Surgical gowns must be worn by OHCP whenever splash, spatter, spray, and aerosols of blood or OPIM are anticipated during the clinical process.1-5 Surgical gowns should have long sleeves to protect the wrists and forearms. They should also cover the torso from neck to knees and wrap around the back to prevent contamination of street the clothes. Scrubs, or clinical and laboratory coats or jackets worn for comfort and/or purposes of identity are NOT considered PPE.3
Surgical gowns, which are Class II medical devices, may be disposable or reusable. Repellency and pore size of the fabric affect blood and OPIM penetration of the barrier and contribute to gown performance. Regardless of the material used to manufacture surgical gowns, they must be resistant to liquid and microbial penetration. Several gown sizes should be available in oral healthcare settings to ensure appropriate coverage for all staff members.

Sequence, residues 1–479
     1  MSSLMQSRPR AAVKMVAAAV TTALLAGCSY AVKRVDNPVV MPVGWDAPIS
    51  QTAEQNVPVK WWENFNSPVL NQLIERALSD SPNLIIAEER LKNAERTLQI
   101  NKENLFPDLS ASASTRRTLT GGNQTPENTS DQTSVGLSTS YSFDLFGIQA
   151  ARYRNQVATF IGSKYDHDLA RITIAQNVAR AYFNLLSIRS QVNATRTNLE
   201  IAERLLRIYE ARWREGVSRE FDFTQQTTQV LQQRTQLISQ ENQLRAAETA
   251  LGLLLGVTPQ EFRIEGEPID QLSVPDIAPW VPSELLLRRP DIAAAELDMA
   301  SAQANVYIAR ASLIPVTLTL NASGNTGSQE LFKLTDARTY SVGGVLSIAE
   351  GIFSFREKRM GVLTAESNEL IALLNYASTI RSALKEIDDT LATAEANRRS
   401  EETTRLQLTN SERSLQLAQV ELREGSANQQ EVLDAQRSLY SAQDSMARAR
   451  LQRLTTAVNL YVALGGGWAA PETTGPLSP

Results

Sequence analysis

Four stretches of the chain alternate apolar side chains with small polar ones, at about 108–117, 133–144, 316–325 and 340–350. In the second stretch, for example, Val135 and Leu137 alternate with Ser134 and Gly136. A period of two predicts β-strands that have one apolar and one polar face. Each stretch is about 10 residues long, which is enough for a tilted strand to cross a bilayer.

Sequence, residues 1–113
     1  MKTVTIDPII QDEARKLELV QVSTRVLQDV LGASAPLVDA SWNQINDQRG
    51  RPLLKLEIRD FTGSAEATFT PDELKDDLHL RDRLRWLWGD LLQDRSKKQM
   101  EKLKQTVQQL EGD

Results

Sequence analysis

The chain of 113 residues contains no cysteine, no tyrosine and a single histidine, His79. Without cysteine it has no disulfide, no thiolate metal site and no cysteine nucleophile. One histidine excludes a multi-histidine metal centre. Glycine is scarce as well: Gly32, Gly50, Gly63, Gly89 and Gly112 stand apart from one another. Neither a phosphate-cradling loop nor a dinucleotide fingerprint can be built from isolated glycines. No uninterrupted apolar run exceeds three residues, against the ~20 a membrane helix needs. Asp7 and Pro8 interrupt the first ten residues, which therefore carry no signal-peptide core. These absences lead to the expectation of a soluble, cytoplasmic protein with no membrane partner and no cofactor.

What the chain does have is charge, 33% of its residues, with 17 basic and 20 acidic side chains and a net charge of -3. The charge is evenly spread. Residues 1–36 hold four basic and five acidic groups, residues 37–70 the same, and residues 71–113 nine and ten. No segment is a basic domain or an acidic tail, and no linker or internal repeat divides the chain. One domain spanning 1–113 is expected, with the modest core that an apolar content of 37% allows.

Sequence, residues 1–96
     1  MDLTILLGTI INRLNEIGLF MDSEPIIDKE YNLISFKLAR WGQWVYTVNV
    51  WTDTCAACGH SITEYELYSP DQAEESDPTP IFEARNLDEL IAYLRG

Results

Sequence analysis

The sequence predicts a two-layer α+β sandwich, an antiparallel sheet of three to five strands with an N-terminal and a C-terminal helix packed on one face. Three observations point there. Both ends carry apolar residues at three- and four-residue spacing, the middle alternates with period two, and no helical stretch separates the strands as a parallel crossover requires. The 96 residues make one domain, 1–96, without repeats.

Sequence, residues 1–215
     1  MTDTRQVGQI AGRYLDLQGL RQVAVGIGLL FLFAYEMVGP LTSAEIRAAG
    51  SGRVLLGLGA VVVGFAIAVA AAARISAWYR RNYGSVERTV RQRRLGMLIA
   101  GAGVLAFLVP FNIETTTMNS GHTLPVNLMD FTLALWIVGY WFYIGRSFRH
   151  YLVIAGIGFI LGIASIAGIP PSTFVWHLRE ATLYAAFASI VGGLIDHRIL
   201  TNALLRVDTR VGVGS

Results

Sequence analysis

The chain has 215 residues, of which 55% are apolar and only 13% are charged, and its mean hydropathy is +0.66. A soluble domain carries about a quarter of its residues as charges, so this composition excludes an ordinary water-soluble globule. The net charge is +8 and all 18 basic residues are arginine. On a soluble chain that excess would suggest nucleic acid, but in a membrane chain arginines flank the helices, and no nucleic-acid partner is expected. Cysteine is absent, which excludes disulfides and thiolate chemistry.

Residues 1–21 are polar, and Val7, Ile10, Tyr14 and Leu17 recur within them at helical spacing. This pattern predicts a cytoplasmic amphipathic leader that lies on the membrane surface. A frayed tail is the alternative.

Surgical gowns should be changed between patients, as soon as possible when penetrated by blood or OPIM, and before leaving patient-care areas. Surgical gowns should be removed in a manner to avoid contamination of air, environmental surfaces, patients, and healthcare personnel. Designated containers for used disposable or reusable protective clothing should be placed in a location that is convenient to the point of use to contain contamination.